Population Ecology and Ch. 40
Population Ecology and Ch. 40 012
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This 7 page Class Notes was uploaded by Amanda Notetaker on Saturday April 9, 2016. The Class Notes belongs to 012 at University of Vermont taught by Dr. Hill in Fall 2016. Since its upload, it has received 25 views. For similar materials see Exploring Biology in Biomedical Engineering at University of Vermont.
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Date Created: 04/09/16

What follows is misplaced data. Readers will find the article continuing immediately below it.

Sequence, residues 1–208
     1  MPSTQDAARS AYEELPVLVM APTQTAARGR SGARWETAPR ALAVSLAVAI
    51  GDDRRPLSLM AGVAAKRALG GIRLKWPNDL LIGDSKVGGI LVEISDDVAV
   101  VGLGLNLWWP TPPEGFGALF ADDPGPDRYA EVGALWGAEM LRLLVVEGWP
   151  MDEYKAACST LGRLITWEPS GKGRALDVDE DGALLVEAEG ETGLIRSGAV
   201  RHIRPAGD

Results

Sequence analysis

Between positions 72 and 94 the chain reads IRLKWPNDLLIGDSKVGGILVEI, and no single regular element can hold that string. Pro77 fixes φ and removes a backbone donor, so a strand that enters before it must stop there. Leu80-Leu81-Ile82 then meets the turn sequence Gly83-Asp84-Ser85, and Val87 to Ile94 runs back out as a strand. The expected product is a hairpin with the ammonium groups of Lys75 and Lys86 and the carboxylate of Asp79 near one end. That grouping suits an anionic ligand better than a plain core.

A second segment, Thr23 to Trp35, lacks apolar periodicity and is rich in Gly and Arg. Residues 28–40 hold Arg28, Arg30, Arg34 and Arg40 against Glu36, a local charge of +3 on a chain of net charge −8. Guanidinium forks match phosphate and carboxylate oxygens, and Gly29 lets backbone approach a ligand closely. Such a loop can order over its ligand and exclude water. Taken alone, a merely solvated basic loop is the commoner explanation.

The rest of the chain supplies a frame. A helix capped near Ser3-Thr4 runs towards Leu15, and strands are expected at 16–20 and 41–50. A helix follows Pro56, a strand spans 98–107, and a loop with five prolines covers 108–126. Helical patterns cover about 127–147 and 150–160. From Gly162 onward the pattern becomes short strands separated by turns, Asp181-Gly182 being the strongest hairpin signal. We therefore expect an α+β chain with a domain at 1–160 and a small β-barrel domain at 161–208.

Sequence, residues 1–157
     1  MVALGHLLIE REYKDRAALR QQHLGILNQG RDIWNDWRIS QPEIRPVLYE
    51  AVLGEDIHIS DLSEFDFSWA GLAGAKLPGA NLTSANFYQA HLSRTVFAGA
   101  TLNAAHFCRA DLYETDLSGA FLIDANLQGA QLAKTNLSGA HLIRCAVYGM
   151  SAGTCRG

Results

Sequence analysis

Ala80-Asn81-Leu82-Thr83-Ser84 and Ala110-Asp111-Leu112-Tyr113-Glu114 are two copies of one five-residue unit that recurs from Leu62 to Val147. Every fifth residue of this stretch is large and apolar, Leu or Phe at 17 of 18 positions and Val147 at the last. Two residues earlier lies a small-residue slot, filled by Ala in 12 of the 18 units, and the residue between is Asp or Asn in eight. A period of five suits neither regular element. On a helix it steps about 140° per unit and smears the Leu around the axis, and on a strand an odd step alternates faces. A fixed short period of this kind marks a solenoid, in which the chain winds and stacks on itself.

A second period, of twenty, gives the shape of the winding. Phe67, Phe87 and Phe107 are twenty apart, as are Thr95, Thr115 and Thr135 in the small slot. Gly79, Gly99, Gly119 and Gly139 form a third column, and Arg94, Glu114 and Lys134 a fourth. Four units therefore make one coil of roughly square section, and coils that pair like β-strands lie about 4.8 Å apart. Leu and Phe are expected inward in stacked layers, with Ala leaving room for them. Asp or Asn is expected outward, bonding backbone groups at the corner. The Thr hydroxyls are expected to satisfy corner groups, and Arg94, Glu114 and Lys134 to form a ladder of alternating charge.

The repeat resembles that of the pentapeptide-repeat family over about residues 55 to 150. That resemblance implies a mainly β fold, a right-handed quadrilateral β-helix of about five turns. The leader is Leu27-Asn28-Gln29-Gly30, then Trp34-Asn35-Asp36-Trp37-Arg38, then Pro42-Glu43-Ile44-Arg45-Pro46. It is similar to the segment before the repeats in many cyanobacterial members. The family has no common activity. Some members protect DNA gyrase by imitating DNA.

Population Ecology Ecology: The study of… - Ernest Haeckel (1869) came up with the word “ecology” o Oikos – house/home; “study of the household” - Vick’s definition: Economics of nature - Textbook: study of the relationships of organisms to their environment and one another The Economics of Nature: - Based on distribution/abundance of organisms o Individual organisms o Populations of organisms o Communities of organisms Ecology vs. Evolution Ecologists & Evolutionary Ecologists: look to understand/explain processes that determine the distribution, diversity, and abundance of organisms Ecologists: Evolutionary Ecologists: Look for proximate answers for diversity, Look for ultimate answers for diversity, distribution, and abundance of organisms distribution, and abundance of organisms Ex: Why did the chicken cross the road? A: To get away from a predator, find food, A: migration pattern of the chicken went or find a mate across the road, appendages carry it across the road, inclination to cross roads Ex: Colorado Potato Beetle is a pest in America (lg. population), not Mexico (sm. population) Proximate Causes: Ultimate Causes: - Pest Status: based on food - Pest Status: evolved to process availability, predation potatoes or endure cold conditions - Population Size: large amt of food - Population Size: evolved to live in increases population; potatoes less regions where natural enemies defended cannot survive Ecology: Changes in numbers of individuals or populations in ecosystems over a few Evolution: (Macroevolution) generations Changes in traits in populations - Scope: Populations or individuals over many generations within habitats - Scope: Traits within populations - Timescale: Days/Years - Timescale: Larger time frames Ecology Evolution Evolutionary change changes in ecology evolves abilities to survive differently Invasive Species: dispersal limitation Factors limiting Geographic Distribution - Dispersal - Behavior (Habitat selection) - Biotic factors (Other species, predation, competition, disease) - Abiotic factors (Chemical/physical) Density: number of individuals per unit area or volume - Often impractical/impossible to count all individuals in a population - Sampling techniques used to estimate densities/total population size MarkRecapture Method: scientists capture, tag, and release random sample of individuals (m) in a population - Marked individuals are given time to mix back into the population - Scientists capture second sample of individuals (n) and note how many of them are marked (x) - Population size (N) is estimated by: N = mn / x because m / N = x / n - Ex: Scientist marked 180 dolphins and waited a few days to mix them. He observed 44 dolphins the second time, 7 of which were marked. m = 180 So N = (180) (44) / 7 = 1131 n = 44 x = 7 Density is the results of interplay between processes that add individuals to a population and those that remove individuals Immigration: influx of new individuals from other areas Emigration: movement of individuals out of a population Dispersion: pattern of spacing among individuals within the boundaries of a population (clumped, uniform, random) Exponential Growth: (growth without limits) N: Population size d N d T r N R: Intrinsic rate of natural increase (= birth rate – death rate) dN/dT: Rate of change in population size Logistic Growth: (growth with limited resources) dN (K−N) =rN K: Carrying capacity dt K CH. 40 Behavior Behavior: Response to a stimulus Environmental Change Stimulus - Adjustments of behavior are often the most visible responses to environmental change - Ex: Many migratory animals change timing of migrations in response to climate change 40.1: Behavior is Controlled by the Nervous System but is Not Necessarily Deterministic An animal’s nervous system activates/coordinates behaviors: - Fixed Action Patterns: highly stereotyped animal behaviors that are expressed without prior learning; often resistant to modification by learning o Ex: begging behavior of gull chicks peck at red dot on bills; spiders’ web spinning - Ex: The ultimate cause of what the male threespined stickleback attacks other males entering his nesting territory is to increase their reproductive ability - Behaviors evolve: Natural selection favors the alleles that produce more adaptive behaviors than others o Many studies show that genes exert important effects on behavior o Ex: In Drosophila mutants for gene per altered circadian rhythms o - Biological Determinism: behaviors of animals are hardwired by genetics; individual’s genes change neural properties in fixed ways that affect behavior o Behavior is more flexible than any other biological trait b/c learning modifies behavior o Epigenetic effects on behavior lifelong influences; can be transmitted to next generation o Ex: Clams are inflexible in many of their responses to their environment 40.2: Behavior is Influenced by Development and Learning Learning: ability of individual to modify its behaviors as a consequence of individual experiences - Ex: Experiments with mice show that they learn layout/hiding places of their environment, learning that helps them escape predation by screech owls. - Learning is taught through patterns of recognition, whereas fixed action pattern is not Behavioral Imprinting: type of learning that is taught; takes place within a narrow window of time early in postnatal life and after is inflexible - Can have lifelong consequences - Examples o Geese imprint on their true parents and species to establish a strong attraction; o Speciesspecific songs of Darwin’s finches used to attract females; o Hungry adult offspring of “lowcaring” mothers wait longer than those of “high caring” mothers to go to food and spend less time eating food - Key regulatory genes in stressresponse biochemical/hormonal pathways are tagged with epigenetic marks early on in life permanently altering their stress responses - Malnutrition/abandonment early on in life affects epigenetic tagging in rats 40.3: Behavior is Integrated with the Rest of Function - Pronghorn have the highest sustained speeds in running animals o Can deliver O2 to muscles at high rates o Use O2 at high rates to make ATP in muscle cells o Use ATP at high rates to perform intense muscular work o Exceptionally large lungs/skeletal muscles, and muscle cells are tightly packed with mitochondria - Escape behavior is dependent upon ATP synthesis o Aerobic ATP is slow and resists fatigue o Anaerobic ATP is fast but subject to fast fatigue o Ex: Toads evolved enzymes for aerobic ATP production in legs whereas frogs evolved them for anaerobic ATP production, and therefore, leap away faster - Behaviors are dependent upon body size/growth o Ex: Tonal frequencies of insects’ songs vary based on body size; larger body low frequency song o Some species must grow to adult size before developing reproductive behaviors 40.4: Moving through Space Presents Distinctive Challenges Navigation: act of moving toward a destination or along a course - Trail following o Pheromone: chemical compound/mix of compounds emitted into outside environment by individuals of a species and elicits behavioral responses from other members of same species o Can use pheromones to attract members of opposite sex - Path Integration o Monitors length/compass direction of each segment and integrates the information about segment lengths/directions to determine where it is relative to its nest Orientation: adopting a position or path of locomotion relative to an environmental cue such as the sun - Sun Compass: determine where N, S, E, W are by observing sun o Ex: Pigeons observe position of the sun and also know the time of day to calculate direction using circadian clock; on cloudy days they detect Earth’s magnetic field to orient to - Many insects determine compass direction by detecting patterns of polarized light in sky o Depends on photoreceptors - Honey bee workers’ “Waggle Dance” o When worker bee finds flowers it returns to hive to communicate the path using the dance based on measurements taken of distance and direction to the flowers o Measures distance by monitoring rate flying past landmarks o Measures direction by monitoring the angle of flight relative to the compass position of the sun o If cloudy, they use atmospheric polarization patterns to determine position of sun - Migration: move periodically from one location to another to remain for a substantial period of time and later return from o Ex: Sea turtles use Earth’s magnetic field to orient themselves 40.5: Social Behavior is Widespread Society: group of individuals of a single species organized to some degree in a cooperative manner Social Behavior: behaviors of individuals that integrate them into societies and the group behaviors of entire societies - Disadvantages o Grouping makes animals more visible o diseases spread more rapidly o resources are depleted more rapidly - Advantages of Equal Status o Enhanced awareness of environment (Ex: Goshawk’s success in capturing pigeons decreases as number of pigeons in flock increase) o Discover preferred environments more efficiently - Advantages of Differing Statuses o Dominates: “wins” oneonone behavioral contests with others; has greatest chance of mating with adult females in group o Reasons above o Process of becoming dominant serves as a test of male’s strength, endurance, properties for success therefore females that mate with it ensure that their offspring are genetically well developed - Eusociality: social structure in which some members of social group are non reproductive and assist reproduction of fertile members of group, usually mother o Mostly in insects o Exemplify Altruism: any characteristic of an individual that imposes a cost on that individual while aiding another 40.6: Behavior Helps Structure Ecological Communities and Processes - Behavior helps maintain species - Behaviorally partition space into territories o Territory: region occupied by an individual that actively keeps others of same species out o Home Range: other individuals aren’t excluded o Provide familiarity (escape route, resources, etc) CostBenefit Approach: Assumes an animal has only a limited amount of time/energy and therefore cannot afford to engage in behaviors that cost more to perform than they bring benefits